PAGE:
Dalia K. Mostafa*, Shaimaa I. Omar, Amany A. Abdellatif, Osama A. Sorour, Omnia A. Nayel and Marwa R. Abod Al Obaidi Pages 458 - 468 ( 11 )
Background: In photoaging, the accumulation of ultraviolet (UV)-induced oxidative damage leads to the characteristic hallmarks of aging. Here arises the importance of autophagy as a cellular degradation process that cleans the cells of defective or aged organelles and macromolecules, thus maintaining cellular homeostasis. In spite of this, the exact impact of autophagy in photoaging is still elusive.
Objective: To evaluate the protective effects of resveratrol and/or co-enzyme-Q10 against the UVA-induced alterations and to explore the role of autophagy in their proposed benefits.
Methods: Sixty female mice were randomly divided into normal control, untreated UVA-exposed, resveratrol (50mg/kg), co-enzyme-Q10 (100mg/kg), and resveratrol/co-enzyme-Q10-treated UVA-exposed groups. Clinical signs of photoaging were evaluated using a modified grading score and the pinch test. Skin malondialdehyde and reduced glutathione were assessed as markers of oxidative stress. Tissues were examined for histopathological signs of photodamage, and autophagic changes were determined by immunohistochemical detection of LC3 and P62 in the different cells of the skin.
Results: UVA-exposure increased oxidative stress with subsequent epidermal and dermal injury. This was associated with stimulation of autophagy in the keratinocytes and inhibition of autophagic flux in the fibroblasts and infiltrating macrophages. Both drugs corrected the impaired pinch test, macro–and microscopic changes, and exhibited distinct staining pattern with antiLC3II and P62 in the different cell types denoting autophagic modulation.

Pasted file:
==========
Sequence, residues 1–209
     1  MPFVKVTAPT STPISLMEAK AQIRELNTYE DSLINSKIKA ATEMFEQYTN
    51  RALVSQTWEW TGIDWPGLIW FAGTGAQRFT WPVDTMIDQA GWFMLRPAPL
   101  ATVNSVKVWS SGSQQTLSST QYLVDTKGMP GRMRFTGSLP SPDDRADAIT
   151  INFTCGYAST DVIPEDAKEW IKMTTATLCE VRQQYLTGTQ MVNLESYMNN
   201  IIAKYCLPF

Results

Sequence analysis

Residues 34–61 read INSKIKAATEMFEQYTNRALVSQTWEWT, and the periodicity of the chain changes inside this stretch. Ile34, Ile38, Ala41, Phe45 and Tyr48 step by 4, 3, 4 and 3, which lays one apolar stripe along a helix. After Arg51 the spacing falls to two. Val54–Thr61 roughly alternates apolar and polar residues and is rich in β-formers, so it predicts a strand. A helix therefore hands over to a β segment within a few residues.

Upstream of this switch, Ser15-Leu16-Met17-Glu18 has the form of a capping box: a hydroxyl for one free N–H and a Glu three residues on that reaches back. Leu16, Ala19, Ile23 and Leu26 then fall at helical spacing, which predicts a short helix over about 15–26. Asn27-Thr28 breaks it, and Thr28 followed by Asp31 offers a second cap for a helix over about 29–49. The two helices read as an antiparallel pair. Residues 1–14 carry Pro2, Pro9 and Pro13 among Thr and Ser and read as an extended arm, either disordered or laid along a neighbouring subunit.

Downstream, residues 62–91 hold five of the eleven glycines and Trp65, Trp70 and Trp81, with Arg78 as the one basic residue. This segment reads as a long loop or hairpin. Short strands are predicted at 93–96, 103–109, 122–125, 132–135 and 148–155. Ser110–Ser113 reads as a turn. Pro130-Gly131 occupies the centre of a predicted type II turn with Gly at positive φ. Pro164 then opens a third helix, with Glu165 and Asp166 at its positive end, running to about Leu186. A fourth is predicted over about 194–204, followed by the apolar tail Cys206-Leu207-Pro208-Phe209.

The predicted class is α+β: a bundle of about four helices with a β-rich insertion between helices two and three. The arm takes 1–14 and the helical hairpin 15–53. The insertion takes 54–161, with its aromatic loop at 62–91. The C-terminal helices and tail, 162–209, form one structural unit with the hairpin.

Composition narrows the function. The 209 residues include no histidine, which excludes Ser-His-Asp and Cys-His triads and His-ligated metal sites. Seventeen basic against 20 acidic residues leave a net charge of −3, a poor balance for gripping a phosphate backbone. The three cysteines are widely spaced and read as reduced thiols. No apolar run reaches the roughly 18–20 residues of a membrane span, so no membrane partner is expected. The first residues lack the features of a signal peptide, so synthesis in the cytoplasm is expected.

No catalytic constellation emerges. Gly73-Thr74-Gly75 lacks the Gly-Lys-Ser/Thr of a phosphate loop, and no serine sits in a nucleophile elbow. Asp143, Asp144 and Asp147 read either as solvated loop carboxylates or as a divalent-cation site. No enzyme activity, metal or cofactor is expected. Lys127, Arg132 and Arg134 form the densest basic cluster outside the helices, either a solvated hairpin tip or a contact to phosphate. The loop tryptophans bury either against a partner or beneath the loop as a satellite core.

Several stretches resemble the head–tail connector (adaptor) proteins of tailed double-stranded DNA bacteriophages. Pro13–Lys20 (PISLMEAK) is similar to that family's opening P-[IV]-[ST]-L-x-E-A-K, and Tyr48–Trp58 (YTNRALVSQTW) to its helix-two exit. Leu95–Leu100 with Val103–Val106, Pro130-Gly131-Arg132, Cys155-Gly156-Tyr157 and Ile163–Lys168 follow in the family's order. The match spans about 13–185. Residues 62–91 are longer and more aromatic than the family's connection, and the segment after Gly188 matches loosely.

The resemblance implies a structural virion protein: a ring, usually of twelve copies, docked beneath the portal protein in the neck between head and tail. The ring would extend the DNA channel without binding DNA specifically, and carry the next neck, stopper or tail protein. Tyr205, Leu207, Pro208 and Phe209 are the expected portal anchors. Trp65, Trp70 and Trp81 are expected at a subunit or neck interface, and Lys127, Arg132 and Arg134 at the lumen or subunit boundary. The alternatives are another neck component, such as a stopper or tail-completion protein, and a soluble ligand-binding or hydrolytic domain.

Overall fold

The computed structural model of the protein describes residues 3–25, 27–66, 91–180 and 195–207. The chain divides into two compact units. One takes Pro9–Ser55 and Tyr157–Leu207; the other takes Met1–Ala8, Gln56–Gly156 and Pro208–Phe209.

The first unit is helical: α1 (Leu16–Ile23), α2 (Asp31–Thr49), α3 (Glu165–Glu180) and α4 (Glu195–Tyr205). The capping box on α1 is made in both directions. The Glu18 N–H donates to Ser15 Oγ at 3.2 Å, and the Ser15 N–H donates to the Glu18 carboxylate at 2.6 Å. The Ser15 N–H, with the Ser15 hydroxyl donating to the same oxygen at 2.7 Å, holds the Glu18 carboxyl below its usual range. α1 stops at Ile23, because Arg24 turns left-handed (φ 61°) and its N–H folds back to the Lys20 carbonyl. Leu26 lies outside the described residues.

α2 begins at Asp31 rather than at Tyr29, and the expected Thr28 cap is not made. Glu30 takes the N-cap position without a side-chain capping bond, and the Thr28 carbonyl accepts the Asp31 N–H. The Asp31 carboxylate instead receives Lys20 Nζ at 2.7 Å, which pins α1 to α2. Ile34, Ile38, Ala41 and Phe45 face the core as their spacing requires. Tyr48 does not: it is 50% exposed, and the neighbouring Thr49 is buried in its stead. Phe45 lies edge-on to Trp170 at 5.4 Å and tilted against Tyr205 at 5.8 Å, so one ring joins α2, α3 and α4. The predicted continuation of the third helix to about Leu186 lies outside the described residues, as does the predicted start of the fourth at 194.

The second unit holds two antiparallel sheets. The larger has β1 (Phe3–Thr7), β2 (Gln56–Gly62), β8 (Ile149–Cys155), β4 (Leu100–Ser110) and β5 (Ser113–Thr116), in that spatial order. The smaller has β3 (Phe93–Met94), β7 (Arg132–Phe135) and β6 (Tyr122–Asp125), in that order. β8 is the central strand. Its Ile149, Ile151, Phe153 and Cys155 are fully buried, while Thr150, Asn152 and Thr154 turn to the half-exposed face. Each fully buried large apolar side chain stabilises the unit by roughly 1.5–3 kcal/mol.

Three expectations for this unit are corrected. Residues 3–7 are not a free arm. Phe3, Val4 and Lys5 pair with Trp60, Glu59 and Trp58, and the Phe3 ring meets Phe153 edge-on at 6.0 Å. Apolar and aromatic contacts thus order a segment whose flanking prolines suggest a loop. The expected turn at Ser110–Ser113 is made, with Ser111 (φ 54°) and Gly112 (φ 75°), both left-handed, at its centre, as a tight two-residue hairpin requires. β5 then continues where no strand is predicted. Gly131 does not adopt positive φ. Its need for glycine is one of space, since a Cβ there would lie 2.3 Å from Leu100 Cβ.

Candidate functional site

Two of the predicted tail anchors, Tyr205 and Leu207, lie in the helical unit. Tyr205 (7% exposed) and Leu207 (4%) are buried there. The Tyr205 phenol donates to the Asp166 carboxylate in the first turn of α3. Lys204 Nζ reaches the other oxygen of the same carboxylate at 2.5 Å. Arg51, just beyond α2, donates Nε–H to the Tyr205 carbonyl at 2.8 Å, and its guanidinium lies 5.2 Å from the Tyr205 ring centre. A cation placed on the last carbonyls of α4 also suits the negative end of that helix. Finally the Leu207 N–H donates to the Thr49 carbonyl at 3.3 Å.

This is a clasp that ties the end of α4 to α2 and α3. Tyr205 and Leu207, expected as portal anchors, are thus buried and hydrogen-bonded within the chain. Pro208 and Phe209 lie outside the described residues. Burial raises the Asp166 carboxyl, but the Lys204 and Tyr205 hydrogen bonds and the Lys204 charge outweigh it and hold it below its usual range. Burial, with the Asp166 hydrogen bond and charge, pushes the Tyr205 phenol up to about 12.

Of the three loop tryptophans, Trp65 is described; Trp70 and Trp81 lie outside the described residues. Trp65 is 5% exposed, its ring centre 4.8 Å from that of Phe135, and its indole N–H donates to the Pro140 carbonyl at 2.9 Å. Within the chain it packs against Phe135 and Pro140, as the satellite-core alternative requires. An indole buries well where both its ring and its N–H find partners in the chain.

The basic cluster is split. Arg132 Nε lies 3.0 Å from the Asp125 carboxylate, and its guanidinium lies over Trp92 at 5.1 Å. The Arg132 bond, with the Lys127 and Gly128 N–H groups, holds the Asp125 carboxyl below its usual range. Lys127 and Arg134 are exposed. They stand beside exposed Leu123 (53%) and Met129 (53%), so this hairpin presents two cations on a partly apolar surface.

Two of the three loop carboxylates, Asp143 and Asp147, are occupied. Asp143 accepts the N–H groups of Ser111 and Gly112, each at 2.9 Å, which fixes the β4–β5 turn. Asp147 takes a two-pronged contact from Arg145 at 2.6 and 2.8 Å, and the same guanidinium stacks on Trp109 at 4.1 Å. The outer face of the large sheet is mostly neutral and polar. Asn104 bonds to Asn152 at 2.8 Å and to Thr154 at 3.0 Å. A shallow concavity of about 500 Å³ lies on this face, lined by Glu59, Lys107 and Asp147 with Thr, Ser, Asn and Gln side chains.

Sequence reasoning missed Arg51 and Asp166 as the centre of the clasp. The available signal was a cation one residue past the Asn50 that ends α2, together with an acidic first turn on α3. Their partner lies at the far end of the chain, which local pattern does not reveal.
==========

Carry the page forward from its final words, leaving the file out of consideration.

Conclusion: Changes in autophagic flux are strongly implicated in photoaging associated skin damage and the differential modulation of autophagy by resveratrol and to a lesser extent by Co-enzyme-Q10 is partially involved in their therapeutic benefits.
Keratinocytes, fibroblasts, ultraviolet radiation, LC3, P62, oxidative stress.
Department of Clinical Pharmacology, Faculty of Medicine, Alexandria University, Alexandria, Department of Dermatology, Venereology and Andrology, Faculty of Medicine, Alexandria University, Alexandria, Department of Pathology, Faculty of Medicine, Alexandria University, Alexandria, Department of Dermatology, Venereology and Andrology, Faculty of Medicine, Alexandria University, Alexandria, Department of Clinical Pharmacology, Faculty of Medicine, Alexandria University, Alexandria, College of Medicine, Baghdad University, Baghdad